VAT included (see terms) | Exclude VAT
[26 Bound plates of Astronomy]
[26 Bound plates of Astronomy] Astronomie.
Goussier Del. Benard Fecit.
[n.d. c.1750]
Bound engravings, plates 350 x 220mm (13¾ x 8¾"), with large margins. No cover.
Images of astronomical diagrams, instruments and astrology. Louis-Jacques Goussier (1722 - 1799) was a French illustrator and encyclopedist. Louis-Jacques Goussier is famous for his work on Diderot's encyclopedia. He was the first drawer to be hired on that project, in 1747 and he did himself more than 900 plates and directed the drawing of the others. Robert Bénard (1734 1777) was a French engraver. Specialized in the technique of engraving, Robert Bénard is mainly famous for having supplied a significant amount of plates (at least 1,800) to the Encyclopédie by Diderot & d'Alembert from 1751.
[Ref: 59550]   £600.00   view all images for this item
enquire about this item add to your wishlist

[John Hunter.]
[John Hunter.]
[Lithographed by J. Allport? after Sir Joshua Reynolds.]
[n.d., c.1840].
Rare lithograph. Sheet 455 x 355mm (18 x 14"). Trimmed, losing inscriptions.
A portrait of Scottish surgeon and anatomist John Hunter (1728-93) seated at a table surrounded by anatomy books and artifacts, quill in hand.
W: 1475
[Ref: 59592]   £280.00   (£336.00 incl.VAT)
enquire about this item add to your wishlist

Monument Erected to the Memory of Sir Isaac Newton in Westminster Abbey.
Monument Erected to the Memory of Sir Isaac Newton in Westminster Abbey.
Byley del. Fittler sculp.
Published by R. Bowyer, Historic Gallery, Pall Mall _ May 20, 1794.
Trimmed to plate, glued on album sheet at edges.
Obelisk shaped monument with relief sculpture, Newton reclining on top of a casket or sarcophagus decorated with frieze; he gestures towards a scroll held by two cherubs to right, a female figure relining on a globe above at top. Sir Isaac Newton FRS (1643 - 1727) was an English physicist, mathematician, astronomer, natural philosopher, alchemist, and theologian who is perceived and considered by a substantial number of scholars and the general public as one of the most influential men in history. His 1687 publication of the Philosophiæ Naturalis Principia Mathematica is considered to be among the most influential books in the history of science, laying the groundwork for most of classical mechanics. In this work, Newton described universal gravitation and the three laws of motion which dominated the scientific view of the physical universe for the next three centuries. Newton showed that the motions of objects on Earth and of celestial bodies are governed by the same set of natural laws by demonstrating the consistency between Kepler's laws of planetary motion and his theory of gravitation, thus removing the last doubts about heliocentrism and advancing the scientific revolution. In mechanics, Newton enunciated the conservation principles of momentum and angular momentum. In optics, he built the first practical reflecting telescope and developed a theory of colour based on the observation that a prism decomposes white light into the many colours that form the visible spectrum. He also formulated an empirical law of cooling and studied the speed of sound. In mathematics, Newton shares the credit with Gottfried Leibniz for the development of the differential and integral calculus. He also demonstrated the generalised binomial theorem, developed the so-called "Newton's method" for approximating the zeroes of a function, and contributed to the study of power series. From Bowyer's edition of David Hume's 'History of England'.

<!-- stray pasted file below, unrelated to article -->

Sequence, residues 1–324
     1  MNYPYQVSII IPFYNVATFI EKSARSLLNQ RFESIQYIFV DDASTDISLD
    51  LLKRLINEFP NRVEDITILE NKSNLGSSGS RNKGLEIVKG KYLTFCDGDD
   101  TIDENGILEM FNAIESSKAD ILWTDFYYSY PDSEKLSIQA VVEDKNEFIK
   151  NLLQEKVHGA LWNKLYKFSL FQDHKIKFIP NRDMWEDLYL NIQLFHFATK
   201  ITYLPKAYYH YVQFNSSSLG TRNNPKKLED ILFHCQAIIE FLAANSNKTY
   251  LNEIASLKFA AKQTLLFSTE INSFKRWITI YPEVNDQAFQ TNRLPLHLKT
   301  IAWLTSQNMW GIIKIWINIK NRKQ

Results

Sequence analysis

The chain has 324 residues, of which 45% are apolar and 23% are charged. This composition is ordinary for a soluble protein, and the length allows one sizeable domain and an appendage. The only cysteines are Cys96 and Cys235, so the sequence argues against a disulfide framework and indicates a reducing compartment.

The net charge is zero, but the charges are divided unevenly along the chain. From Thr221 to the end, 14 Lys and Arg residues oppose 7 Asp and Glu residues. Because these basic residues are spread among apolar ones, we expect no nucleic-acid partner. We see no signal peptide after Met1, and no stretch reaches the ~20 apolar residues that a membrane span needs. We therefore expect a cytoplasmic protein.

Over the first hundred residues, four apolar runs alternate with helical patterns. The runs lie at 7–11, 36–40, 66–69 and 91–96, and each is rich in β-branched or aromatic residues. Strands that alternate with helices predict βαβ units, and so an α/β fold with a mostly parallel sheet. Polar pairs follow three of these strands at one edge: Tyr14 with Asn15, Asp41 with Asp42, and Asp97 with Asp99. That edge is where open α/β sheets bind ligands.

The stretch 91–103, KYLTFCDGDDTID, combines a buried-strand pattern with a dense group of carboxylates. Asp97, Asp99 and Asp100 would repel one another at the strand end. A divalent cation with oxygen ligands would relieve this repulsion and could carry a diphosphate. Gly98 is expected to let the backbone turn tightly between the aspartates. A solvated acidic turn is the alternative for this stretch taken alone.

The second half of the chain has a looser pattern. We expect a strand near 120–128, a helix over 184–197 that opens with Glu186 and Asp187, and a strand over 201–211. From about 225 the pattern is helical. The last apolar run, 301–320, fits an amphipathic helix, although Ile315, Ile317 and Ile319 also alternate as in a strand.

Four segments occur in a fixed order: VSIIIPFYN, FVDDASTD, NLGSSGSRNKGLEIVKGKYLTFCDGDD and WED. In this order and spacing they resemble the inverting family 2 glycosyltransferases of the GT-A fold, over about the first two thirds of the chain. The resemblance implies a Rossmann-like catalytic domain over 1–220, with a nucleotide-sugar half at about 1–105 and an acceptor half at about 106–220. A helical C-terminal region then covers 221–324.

[Ref: 59530]   £130.00   (£156.00 incl.VAT)
enquire about this item add to your wishlist